In The White Man’s Burden, Rudyard Kipling articulates his misinformed perspective on how white people were tasked to save people of color and introduce them to civilization. Indeed, this argument was ultimately used by Europeans to justify their colonial exploits in Africa and served to mask their real intentions: greed, human rights abuse, genocide, and exploitation. Cecil John Rhodes said, “I contend that we are the first race in the world and that the more of the world we inhabit the better it is for the human race. If there be a God, l think that what he would like me to do is paint as much of the map of Africa British Red as possible.”
White imperialists hid behind a need to spread religion and civilization to Africans. False information of an uncivilized Africa was heralded far and wide. On the contrary, Africa had great civilizations which were led by various great leaders. Sadly, great leaders are often lost in the cracks of white-narrated history.
1. King Endubis (Ethiopia c. 270- c. 300)
He was king of a North-East African territory, modern-day Ethiopia and Eritrea. He ascended to power soon after the downfall of ancient Egypt and Nubia. He is credited with bringing an end to the Nubian Kingdom. He controlled the horn of Africa and went across the Red sea into Arabian Plateau. He is the first African king to mint coinage and set the same standard which was to be adopted by succeeding Ethiopian emperors in coinage minting.
2. Mansa Musa (King of Kings) (Ancient Mali c. 1312-c. 1337)
Also known as Musa Keita I, he was the 10th of the Mansa dynasty. Under his rule, Mali became one of the richest countries in the world. Forbes named him the richest person in history. He led the Mali empire too vast wealth through gold, salt, and agricultural production. Mansa Musa also took advantage of the dynamic trading location of his kingdom and imperialistic practices for the expansion of Mali. Musa enriched the trading town of Timbuktu and established a library and Islamic universities. He built modern structures in Mali from palaces, Mosques, and other urban developments.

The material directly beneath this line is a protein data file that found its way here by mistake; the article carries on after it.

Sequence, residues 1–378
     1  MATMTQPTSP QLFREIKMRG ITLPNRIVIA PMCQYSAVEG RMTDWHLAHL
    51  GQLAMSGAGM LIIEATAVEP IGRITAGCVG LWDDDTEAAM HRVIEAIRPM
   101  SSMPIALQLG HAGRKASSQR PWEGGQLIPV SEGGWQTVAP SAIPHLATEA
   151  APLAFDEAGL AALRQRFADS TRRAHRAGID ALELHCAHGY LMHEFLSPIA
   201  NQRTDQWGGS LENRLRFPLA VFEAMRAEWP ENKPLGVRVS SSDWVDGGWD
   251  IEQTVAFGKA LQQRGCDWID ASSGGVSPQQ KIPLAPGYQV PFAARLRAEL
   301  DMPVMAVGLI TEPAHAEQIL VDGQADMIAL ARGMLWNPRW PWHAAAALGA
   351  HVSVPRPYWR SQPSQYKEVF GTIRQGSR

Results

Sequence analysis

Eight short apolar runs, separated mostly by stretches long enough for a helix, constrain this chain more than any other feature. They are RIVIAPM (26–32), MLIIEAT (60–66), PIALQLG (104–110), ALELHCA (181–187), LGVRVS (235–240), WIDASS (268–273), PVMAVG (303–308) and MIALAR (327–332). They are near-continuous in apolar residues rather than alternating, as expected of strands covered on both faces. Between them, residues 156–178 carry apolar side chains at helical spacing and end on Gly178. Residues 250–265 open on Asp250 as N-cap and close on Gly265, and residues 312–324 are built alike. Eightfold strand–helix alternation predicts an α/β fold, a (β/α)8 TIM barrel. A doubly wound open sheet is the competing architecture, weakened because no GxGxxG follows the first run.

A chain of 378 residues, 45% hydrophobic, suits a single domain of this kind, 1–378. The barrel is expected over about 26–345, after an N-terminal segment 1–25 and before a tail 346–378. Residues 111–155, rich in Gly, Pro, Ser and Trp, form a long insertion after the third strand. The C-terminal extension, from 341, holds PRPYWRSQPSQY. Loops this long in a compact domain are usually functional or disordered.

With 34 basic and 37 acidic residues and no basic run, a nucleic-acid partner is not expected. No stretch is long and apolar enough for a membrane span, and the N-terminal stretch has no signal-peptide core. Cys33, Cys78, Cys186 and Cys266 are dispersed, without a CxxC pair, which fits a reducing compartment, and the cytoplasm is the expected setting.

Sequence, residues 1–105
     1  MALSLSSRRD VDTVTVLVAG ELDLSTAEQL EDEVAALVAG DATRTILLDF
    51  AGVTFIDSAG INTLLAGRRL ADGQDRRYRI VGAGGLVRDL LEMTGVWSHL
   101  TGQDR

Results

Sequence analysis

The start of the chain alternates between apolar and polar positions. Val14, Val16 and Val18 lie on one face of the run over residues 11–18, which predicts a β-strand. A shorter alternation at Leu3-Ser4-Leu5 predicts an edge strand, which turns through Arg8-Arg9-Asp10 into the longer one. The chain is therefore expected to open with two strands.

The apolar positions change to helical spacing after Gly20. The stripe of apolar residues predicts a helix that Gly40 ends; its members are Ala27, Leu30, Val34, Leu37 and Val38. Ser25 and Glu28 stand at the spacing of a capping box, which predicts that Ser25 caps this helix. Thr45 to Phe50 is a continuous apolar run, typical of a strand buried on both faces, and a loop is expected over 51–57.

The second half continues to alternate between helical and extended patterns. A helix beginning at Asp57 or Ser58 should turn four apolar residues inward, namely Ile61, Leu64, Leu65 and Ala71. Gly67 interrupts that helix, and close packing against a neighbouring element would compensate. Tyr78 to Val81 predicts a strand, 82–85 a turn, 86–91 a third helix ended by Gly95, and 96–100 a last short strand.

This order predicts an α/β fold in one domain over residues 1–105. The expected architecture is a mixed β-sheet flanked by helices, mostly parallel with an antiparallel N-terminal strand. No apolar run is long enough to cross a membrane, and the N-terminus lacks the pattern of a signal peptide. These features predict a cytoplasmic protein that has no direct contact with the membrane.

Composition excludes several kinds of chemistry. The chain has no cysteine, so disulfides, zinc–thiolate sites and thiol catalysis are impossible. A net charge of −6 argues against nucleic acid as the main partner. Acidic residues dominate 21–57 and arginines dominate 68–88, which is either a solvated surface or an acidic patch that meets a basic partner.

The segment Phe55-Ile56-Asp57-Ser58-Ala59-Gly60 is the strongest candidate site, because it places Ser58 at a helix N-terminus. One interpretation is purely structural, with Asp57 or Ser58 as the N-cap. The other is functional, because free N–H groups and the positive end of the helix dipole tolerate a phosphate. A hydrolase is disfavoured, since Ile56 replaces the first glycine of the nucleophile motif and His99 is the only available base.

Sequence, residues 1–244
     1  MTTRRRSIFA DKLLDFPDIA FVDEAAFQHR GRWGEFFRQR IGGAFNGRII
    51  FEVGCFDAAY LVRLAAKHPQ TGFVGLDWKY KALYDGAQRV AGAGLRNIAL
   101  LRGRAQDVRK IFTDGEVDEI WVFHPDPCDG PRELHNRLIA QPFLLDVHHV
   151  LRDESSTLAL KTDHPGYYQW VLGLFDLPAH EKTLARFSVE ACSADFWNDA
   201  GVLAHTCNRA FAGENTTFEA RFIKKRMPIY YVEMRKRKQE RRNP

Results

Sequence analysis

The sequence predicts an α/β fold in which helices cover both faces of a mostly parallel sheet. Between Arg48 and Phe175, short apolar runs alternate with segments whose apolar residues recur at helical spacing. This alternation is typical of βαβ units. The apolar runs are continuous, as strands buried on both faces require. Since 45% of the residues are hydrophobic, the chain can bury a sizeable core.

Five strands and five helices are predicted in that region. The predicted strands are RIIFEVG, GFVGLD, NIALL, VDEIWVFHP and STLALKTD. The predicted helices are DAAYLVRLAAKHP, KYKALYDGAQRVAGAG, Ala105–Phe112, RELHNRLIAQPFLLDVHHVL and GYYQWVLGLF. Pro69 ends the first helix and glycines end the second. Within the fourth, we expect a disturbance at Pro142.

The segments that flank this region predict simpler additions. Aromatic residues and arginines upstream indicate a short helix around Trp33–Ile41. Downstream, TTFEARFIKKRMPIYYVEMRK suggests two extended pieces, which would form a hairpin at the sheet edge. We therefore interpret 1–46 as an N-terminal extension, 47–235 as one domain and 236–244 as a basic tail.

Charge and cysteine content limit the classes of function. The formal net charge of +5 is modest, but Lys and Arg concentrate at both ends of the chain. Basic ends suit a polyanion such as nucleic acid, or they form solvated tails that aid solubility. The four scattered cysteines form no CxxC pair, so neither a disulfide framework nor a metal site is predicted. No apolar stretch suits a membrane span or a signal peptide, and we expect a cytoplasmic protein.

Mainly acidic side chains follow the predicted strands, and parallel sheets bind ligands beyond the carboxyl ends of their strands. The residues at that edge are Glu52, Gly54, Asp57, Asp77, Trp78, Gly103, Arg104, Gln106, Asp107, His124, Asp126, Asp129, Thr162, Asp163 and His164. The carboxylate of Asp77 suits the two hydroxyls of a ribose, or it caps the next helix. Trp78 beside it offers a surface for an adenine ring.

3. Oba Oduduwa (Oyo Empire, Yorubaland, Nigeria)
Oduduwa is considered the founder of the Yoruba dynasty. He is considered a primordial God in Yoruba culture. There is much debate on where he came from and when he founded the Yorubaland language. However, along with his clan he descended on the lower region of Nigeria and defeated several existing settlements to establish Yorubaland. Legend has it that he had 16 sons and daughters who he sent to the centres of conquered territories to rule autonomously. They founded the kingdoms of Illa, Orangun, Owu, Ketu, Sabe, Popo and Oyo. Oranmiyan established the Yoruba dynasty line.
4. Osei Kofi Tutu (Ashanti Kingdom, Ghana 1660-1717)
The Ashanti was a very wealthy west African kingdom. Under the leadership of Osei Kofu a strong and effective political structure was implemented. The Ashanti was one of the first sub-Saharan militaries to adopt firearms into their arsenal. In 1701 Osei Kofu Tutu, chief of the small Akan city-state of Kumasi, helped form the Ashanti Empire by unifying the other Akan groups under the Golden Stool (Ashanti seat of power). The strong political structures under the Golden stool survived until the British imperial government demanded the sovereignty of the Ashanti be turned over to Britain as its protectorate.
5. Queen Nyamazana (Ngoni 1835-1890s)